Social Media & Municipalities: A Roundtable with SmithAmundsen’s Municipal Attorneys 

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November 17, 2017
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In our digital evolving age, social media platforms create a multitude of opportunities to engage the citizenry. They also create a minefield of dangers for municipalities to avoid.

Moderator, Julie Proscia, led a discussion with our panel of municipal law attorneys Mike McGrory, Carlos Arévalo, Alan Farkas, and Mike McGowan, to answer some questions to help you avoid the landmines and successfully avoid the pitfall traps.

Moderator: What is the biggest challenge that you see for governmental entities in a time of interconnectivity where everything is posted, tweeted, blogged etc.?

Carlos Arévalo: Properly managing and monitoring the flow of information in social media is a huge challenge even for the most sophisticated entities. It is crucial to put a qualified, innovative and knowledgeable individual in charge who is tasked with creating proper content and/or evaluating citizen interaction, even if it is critical, pursuant to set guidelines. Of course, these responsibilities may reside in more than one individual, which will depend on the municipal operation.

Mike McGrory: Municipalities have issues very similar to businesses when it comes to social media. Julie, you point out that anything can and will be posted on social sites. I agree with Carlos in that the formal posting from a municipality needs to be done by the right people, but I would also caution and say that municipalities need to be thinking of their internal communication strategy and working with experts to craft very specific messages to staff, especially in the case of a hot button issue. Your seemingly innocuous internal email about the mishandling of a situation can easily find its way online.

Moderator: What is your best advice to municipalities that are struggling with the heightened comments and exchanges of their constituents on their official social media platforms?  

Carlos Arévalo: I would begin by  recommending that clients: 1) Prepare social media policies that establish  how  postings will be handled; 2) Identify guidelines regarding what is acceptable and what is not acceptable; 3) Describe expectations regarding content for the public; and 4) Indicate the manner in which removed content will be handled.

Alan Farkas: I’m adapting this advice from a bumper sticker: dance like nobody’s watching, text like it will be Exhibit A at trial. 

Moderator: Are social media posts public record?

Julie Proscia: Maybe. Posts that are made by the official governmental entity or by a private account being used to distribute information by that entity are public records IF the content is unique, i.e. a governmental entity only needs to save the first announcement regarding free electronic recycling – not all 50 unless the versions significantly differ.

Moderator: How should government entities store their social media content to comport with FOIA, Open Meetings Act, etc.?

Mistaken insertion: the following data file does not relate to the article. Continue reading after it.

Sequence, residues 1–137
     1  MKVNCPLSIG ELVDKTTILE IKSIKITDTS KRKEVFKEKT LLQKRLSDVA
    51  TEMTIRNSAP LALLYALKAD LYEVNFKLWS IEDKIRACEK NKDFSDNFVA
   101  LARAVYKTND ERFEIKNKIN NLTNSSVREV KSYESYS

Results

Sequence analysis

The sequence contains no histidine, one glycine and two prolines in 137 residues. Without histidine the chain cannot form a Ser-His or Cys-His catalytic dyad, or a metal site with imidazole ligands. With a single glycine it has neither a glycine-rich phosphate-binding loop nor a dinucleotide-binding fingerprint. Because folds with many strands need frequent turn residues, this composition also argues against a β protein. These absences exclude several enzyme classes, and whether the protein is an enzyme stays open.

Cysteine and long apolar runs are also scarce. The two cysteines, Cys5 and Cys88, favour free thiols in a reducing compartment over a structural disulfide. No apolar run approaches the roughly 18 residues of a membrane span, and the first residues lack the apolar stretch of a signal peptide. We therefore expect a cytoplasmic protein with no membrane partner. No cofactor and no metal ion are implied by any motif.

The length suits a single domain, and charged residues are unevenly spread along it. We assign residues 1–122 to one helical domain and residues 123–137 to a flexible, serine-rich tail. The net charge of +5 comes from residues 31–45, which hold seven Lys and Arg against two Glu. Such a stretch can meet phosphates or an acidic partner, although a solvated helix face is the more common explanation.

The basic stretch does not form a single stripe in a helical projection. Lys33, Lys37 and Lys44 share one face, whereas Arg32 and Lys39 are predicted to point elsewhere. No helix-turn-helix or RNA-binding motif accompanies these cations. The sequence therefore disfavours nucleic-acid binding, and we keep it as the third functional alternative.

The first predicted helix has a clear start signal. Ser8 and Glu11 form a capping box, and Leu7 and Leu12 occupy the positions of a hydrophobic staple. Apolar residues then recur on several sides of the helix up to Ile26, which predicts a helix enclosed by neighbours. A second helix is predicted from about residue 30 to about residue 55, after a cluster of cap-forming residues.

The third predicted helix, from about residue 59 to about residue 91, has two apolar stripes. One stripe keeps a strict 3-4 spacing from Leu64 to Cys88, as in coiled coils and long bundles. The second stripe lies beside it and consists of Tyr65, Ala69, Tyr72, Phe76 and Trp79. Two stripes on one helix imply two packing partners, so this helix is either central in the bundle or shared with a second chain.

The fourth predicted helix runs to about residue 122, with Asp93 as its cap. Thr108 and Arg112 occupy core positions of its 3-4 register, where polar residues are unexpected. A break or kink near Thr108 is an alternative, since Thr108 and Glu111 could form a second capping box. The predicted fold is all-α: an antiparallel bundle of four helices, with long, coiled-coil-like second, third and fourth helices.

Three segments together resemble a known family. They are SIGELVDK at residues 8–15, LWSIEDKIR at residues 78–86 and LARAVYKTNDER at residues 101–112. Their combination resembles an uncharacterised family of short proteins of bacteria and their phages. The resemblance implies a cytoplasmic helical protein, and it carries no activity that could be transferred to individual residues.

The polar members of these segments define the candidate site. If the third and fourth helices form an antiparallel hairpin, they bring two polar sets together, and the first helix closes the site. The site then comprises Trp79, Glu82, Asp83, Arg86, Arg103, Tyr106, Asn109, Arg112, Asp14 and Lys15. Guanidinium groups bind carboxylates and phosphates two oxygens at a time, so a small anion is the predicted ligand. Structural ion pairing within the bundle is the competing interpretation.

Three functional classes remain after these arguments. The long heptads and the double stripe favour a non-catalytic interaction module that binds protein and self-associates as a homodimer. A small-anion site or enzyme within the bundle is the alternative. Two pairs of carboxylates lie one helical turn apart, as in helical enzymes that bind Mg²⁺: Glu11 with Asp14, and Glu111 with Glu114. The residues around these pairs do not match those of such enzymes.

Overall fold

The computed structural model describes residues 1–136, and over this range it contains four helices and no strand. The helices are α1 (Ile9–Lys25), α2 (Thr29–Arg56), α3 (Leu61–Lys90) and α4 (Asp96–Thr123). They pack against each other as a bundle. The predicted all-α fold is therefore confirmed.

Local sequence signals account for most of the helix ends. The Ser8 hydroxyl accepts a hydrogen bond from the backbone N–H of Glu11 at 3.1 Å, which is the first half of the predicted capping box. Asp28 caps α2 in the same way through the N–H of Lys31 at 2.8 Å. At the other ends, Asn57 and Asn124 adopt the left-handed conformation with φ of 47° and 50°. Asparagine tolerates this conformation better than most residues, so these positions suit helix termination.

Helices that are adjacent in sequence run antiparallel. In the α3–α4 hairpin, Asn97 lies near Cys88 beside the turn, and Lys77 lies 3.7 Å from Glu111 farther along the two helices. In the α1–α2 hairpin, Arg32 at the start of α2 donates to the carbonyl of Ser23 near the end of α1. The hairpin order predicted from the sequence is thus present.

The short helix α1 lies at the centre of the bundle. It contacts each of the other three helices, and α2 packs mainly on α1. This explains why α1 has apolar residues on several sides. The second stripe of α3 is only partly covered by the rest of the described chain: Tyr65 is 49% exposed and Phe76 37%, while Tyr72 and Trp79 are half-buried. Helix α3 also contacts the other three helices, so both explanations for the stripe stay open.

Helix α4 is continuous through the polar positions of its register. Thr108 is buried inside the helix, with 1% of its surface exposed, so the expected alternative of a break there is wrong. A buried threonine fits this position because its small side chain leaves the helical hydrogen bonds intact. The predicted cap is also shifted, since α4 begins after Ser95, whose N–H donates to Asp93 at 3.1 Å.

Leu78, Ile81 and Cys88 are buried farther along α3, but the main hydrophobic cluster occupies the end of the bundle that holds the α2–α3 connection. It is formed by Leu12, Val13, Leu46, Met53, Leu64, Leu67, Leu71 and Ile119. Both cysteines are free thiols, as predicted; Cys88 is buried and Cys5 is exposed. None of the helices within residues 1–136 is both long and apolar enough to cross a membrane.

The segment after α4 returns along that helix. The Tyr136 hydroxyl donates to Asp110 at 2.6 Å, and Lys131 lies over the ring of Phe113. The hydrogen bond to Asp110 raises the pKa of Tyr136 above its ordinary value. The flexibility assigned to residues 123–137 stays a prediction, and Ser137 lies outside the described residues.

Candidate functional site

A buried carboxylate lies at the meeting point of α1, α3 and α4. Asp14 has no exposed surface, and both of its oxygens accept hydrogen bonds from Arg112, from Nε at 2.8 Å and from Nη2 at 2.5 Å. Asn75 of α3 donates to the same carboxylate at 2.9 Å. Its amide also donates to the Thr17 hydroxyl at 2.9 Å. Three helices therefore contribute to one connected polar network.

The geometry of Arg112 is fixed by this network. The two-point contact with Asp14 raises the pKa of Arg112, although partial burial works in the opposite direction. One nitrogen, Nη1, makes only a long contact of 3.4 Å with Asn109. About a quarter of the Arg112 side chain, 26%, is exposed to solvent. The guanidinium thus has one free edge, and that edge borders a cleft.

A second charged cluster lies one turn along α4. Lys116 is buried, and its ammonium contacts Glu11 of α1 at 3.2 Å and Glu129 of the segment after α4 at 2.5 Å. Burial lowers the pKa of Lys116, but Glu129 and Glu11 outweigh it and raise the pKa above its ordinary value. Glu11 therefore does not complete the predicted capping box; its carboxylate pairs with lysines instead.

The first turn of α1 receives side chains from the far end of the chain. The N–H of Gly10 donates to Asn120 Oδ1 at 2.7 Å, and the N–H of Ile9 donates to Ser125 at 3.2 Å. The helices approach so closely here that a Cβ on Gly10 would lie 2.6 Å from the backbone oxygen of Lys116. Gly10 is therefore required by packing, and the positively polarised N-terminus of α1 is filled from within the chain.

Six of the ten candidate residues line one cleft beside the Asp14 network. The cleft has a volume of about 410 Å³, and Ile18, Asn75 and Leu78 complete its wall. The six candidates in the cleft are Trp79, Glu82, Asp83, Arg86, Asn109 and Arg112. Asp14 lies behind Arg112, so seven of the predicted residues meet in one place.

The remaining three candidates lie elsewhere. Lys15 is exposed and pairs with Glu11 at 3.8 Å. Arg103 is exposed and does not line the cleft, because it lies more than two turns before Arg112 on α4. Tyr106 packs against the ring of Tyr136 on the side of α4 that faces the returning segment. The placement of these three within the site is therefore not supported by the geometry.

Mike McGowan: Government entities should store their social media content using third party software that captures information and records it automatically. A few examples of platforms that accomplish this include: ArchiveSocial, Global Relay, and Ownbackup.

Moderator: How has social media changed the way that you litigate?

Mike McGowan: Social media has had a profound effect on how we litigate. Pre-litigation intelligence has become readily available via sites like Facebook, Twitter, and Instagram. Furthermore, social media searches of clients, opponents, and witnesses is now part of the minimum level of due diligence that we often perform. Information that previously had to be discovered is often posted through social media for the entire world to see, thus allowing litigators to access this information. Courts have accepted that there is no reasonable expectation for user privacy, given that users have knowingly made their social media information available to the public.

Alan Farkas: Social media is both an influencer and viewfinder into the public, including the jury. In some cases, the parties may have access to the information being consumed by the jurors, and the portal may be focused on the 12 individuals in that box. Of course, the jurors have their own portals, and despite admonishing them not to do so, the jurors are looking up the judges, the lawyers, the witnesses, the parties, and sometimes each other too. And the final tool is social media as a 24/7 private investigator on all witnesses and parties who come before the court. An unscrupulous lawyer can use these tools to manipulate any of the players in a trial. A skilled litigator is aware and weary of the need to play defense across the internet while also making ample use of its many gifts. This often requires counsel to use social media and public relations consultants in high profile cases. Of course this is all new within the past ten years.